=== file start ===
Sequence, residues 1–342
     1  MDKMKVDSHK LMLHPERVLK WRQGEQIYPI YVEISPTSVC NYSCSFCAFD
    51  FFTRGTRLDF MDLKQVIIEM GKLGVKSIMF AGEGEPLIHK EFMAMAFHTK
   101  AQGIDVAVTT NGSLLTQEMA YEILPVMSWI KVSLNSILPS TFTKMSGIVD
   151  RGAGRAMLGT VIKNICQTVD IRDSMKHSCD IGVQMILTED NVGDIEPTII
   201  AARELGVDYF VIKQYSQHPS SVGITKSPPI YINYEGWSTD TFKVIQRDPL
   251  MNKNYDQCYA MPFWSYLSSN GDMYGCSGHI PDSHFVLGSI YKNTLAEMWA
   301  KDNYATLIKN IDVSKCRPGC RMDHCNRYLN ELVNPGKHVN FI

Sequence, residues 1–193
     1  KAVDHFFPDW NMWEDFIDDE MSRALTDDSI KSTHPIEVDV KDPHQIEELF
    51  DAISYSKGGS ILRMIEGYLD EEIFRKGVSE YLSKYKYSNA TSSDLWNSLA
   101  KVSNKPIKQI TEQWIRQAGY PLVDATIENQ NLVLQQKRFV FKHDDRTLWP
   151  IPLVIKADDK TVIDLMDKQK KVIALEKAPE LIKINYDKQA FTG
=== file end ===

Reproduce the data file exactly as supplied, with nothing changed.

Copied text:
Sequence, residues 1–342
     1  MDKMKVDSHK LMLHPERVLK WRQGEQIYPI YVEISPTSVC NYSCSFCAFD
    51  FFTRGTRLDF MDLKQVIIEM GKLGVKSIMF AGEGEPLIHK EFMAMAFHTK
   101  AQGIDVAVTT NGSLLTQEMA YEILPVMSWI KVSLNSILPS TFTKMSGIVD
   151  RGAGRAMLGT VIKNICQTVD IRDSMKHSCD IGVQMILTED NVGDIEPTII
   201  AARELGVDYF VIKQYSQHPS SVGITKSPPI YINYEGWSTD TFKVIQRDPL
   251  MNKNYDQCYA MPFWSYLSSN GDMYGCSGHI PDSHFVLGSI YKNTLAEMWA
   301  KDNYATLIKN IDVSKCRPGC RMDHCNRYLN ELVNPGKHVN FI

Sequence, residues 1–193
     1  KAVDHFFPDW NMWEDFIDDE MSRALTDDSI KSTHPIEVDV KDPHQIEELF
    51  DAISYSKGGS ILRMIEGYLD EEIFRKGVSE YLSKYKYSNA TSSDLWNSLA
   101  KVSNKPIKQI TEQWIRQAGY PLVDATIENQ NLVLQQKRFV FKHDDRTLWP
   151  IPLVIKADDK TVIDLMDKQK KVIALEKAPE LIKINYDKQA FTG